2023 U.S. Women, Peace, and Security Strategy (WPS) and National Action Plan.

Promoting women’s meaningful participation, leadership and engagement in decision-making at all levels is both a moral and a strategic imperative for U.S. foreign policy and national security. Wherever the rights of women and girls are under threat, so, too, is democracy, peace, and stability.

With this Strategy, the U.S. renewed its commitment to United Nations Security Council Resolution 1325, consistent with the Women, Peace, and Security Act of 2017, which codified our decades-long, sustained commitment to the principles of the WPS agenda. This updated Strategy reflects critical shifts in our global landscape—including geopolitical changes, a rise in climate-related crises, and advancements in technology—and maintains a strong focus on five core lines of effort:

  1. Participation – Seek and support the preparation and meaningful participation of women and girls in civic and political leadership, in informal and formal decision-making processes, and in institutions related to peace and security.
  2. Protection – Promote the protection of the human rights of women and girls, and prevent and respond to all forms of gender-based violence (GBV) across the continuum of peace, conflict, and crisis contexts, including conflict-related sexual violence.
  3. Relief, Response, and Recovery – Prioritize gender-responsive policies and programs to support the safety, participation, and leadership of women and girls in U.S. government responses to conflict, crises, and disasters, and provide safe, equitable access to humanitarian assistance.
  4. Integration and Institutionalization – Integrate WPS principles across U.S. policies and programs to strengthen the institutionalization of comprehensive gender analyses and improve gender equality outcomes.
  5. Partnerships – Encourage partners to mainstream WPS principles across policies and strategies, and strengthen capacity to improve gender equality in processes and institutions connected to peace and security decision-making.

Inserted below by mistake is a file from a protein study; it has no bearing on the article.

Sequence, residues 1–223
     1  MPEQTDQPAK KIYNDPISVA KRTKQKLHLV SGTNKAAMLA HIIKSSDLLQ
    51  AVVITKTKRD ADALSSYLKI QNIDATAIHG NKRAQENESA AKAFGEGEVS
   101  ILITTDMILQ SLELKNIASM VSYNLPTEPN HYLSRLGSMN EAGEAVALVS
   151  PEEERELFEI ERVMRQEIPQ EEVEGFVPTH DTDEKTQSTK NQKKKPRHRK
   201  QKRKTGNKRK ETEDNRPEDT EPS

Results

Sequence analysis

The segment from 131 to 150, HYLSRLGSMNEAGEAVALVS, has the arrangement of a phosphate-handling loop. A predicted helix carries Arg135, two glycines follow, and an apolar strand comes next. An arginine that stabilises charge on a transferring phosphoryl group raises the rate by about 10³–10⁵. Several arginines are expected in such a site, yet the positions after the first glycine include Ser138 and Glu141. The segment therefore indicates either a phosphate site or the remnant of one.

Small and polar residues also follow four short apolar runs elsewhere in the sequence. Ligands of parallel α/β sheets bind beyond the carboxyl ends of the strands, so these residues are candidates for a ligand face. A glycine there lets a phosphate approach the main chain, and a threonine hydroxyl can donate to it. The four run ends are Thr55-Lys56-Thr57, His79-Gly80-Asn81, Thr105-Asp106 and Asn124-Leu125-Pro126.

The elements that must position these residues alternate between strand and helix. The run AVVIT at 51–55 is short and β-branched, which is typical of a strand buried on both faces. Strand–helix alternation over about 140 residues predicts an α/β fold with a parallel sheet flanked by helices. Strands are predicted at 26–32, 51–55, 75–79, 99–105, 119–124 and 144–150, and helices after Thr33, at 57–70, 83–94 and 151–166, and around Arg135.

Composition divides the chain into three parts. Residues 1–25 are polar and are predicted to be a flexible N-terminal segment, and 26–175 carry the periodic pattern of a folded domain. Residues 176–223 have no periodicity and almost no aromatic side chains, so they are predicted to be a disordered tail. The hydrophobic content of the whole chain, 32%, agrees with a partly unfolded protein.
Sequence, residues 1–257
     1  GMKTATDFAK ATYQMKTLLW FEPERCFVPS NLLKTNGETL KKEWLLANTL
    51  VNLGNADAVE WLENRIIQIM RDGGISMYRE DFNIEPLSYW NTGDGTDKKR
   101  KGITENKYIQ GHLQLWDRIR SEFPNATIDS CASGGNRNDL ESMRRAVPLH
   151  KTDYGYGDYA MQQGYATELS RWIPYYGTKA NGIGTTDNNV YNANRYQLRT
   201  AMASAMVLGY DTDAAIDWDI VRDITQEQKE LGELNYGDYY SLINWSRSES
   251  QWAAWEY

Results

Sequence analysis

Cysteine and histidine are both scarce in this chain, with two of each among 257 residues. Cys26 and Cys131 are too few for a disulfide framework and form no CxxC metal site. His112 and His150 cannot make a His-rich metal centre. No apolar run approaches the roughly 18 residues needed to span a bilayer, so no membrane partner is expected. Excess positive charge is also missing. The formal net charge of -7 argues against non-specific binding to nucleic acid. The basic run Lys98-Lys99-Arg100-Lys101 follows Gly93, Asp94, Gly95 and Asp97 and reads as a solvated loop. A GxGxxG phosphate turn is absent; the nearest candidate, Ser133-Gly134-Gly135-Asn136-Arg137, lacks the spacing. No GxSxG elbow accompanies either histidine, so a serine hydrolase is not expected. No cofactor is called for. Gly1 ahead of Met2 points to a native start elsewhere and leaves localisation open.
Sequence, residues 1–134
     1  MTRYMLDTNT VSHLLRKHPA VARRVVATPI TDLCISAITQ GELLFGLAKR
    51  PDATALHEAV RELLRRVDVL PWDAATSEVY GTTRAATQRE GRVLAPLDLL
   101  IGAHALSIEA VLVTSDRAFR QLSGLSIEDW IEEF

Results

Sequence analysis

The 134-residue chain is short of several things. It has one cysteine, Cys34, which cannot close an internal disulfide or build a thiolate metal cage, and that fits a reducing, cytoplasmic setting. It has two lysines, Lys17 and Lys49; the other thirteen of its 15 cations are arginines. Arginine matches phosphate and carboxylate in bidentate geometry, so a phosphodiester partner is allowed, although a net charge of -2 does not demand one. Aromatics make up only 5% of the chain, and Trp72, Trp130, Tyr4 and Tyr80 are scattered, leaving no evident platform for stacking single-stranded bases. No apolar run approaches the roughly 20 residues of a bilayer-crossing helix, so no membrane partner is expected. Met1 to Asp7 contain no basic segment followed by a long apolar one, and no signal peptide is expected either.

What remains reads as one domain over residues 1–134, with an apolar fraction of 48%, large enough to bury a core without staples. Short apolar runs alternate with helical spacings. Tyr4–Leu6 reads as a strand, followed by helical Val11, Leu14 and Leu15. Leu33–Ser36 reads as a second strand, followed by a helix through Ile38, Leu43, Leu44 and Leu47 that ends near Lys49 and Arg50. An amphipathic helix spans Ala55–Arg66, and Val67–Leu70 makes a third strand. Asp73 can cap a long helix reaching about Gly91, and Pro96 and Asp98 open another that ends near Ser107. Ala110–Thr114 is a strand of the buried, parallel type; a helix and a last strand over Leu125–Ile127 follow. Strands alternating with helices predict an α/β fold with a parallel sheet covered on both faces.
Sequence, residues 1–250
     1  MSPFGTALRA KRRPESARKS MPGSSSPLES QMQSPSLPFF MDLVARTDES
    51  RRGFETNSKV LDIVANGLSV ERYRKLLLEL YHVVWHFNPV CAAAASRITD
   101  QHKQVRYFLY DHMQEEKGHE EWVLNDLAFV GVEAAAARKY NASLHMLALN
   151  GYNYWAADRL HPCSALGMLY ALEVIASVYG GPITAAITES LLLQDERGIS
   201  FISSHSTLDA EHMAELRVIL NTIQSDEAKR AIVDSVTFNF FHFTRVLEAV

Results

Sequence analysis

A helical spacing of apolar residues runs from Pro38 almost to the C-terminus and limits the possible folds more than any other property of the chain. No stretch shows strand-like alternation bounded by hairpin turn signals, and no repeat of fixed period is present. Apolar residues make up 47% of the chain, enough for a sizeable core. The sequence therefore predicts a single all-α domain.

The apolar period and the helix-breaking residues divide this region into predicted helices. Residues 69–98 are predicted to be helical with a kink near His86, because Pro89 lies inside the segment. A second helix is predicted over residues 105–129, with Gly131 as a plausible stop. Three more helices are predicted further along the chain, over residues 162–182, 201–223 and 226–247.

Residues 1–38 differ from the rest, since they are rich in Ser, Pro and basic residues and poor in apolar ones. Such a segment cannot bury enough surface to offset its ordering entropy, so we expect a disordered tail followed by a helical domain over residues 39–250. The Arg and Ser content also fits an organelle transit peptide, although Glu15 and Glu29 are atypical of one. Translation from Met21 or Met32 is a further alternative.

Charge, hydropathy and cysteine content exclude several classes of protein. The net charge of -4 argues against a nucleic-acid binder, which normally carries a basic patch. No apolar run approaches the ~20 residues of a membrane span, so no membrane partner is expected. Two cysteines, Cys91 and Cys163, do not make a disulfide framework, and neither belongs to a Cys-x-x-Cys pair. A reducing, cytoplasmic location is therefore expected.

View the details of the 2023 U.S. Women, Peace, and Security Strategy (WPS) and National Action Plan

The U.S. strategy on women, peace and security provides the Defense Department with an internationally recognized path to pursuing long-term security and stability while also demonstrating our commitment to dignity, human rights and equality under the law. At its core, the WPS strategy recognizes the unique effect of conflict on women and girls, as well as the positive influence women have on everything from peace negotiations to managing and minimizing conflict.

The White House Gender Policy Council led the development of the first-ever National Strategy on Gender Equity and Equality, which sets forth a vision and comprehensive agenda to advance gender equity and equality in domestic and foreign policy.

U.S. Department of the Air Force’s Women, Peace & Security Series

Dr. Minnich on WPS… 

In 2011, the United States published its first National Action Plan on Women, Peace and Security.  In response, the Daniel K. Inouye Asia Pacific Center for Security Studies established a two-point WPS agenda: number one, mainstreaming women’s inclusion in its educational program, and number two, integrating WPS in its curriculum. Both are unique endeavors among DOD’s regional centers, and both are best practices. Let me briefly address each.

Our first best practice is Mainstreaming Women’s Inclusion. Broadly speaking, women’s participation rate in military forces ranges between 1% and 20%. For context, women in the U.S. military represent about 17% of the force. Central to DKI APCSS’s WPS program has been the imperative to raise female participation rates in our courses. To that end, we established a floor of 25% female participation in our courses in 2012, and then having achieved a female participation rate of 28% in 2018, we raised the floor to 33% (or 1/3d of the class) in 2019. Studies show that representation below 20% typically means that outcomes don’t change, but as participation approaches a rate of 1/3rd representation, which is called critical mass, suddenly women’s voices are heard and change occurs. I witnessed both ends of this spectrum during a 37-year career in the U.S. Army.

Our second best practice is Integrating a WPS Curricula. Since 2012, DKI APCSS has taught WPS in its courses. Our initial approach was to introduce Fellows to UN Security Council resolution 1325 on WPS and associated legal obligations of member states to advance its principles. No security topic taught at DKI APCSS has been less familiar to faculty and Fellows than WPS. And harder yet, has been for both groups to understand how to integrate its principles to advance better security. To help advance the WPS agenda, DKI APCSS approaches the general curricula, today, through the twin pillars of teaching Gendered Security to all fellows, and facilitating the development of WPS-related Fellow’s Projects to self-selecting Fellows.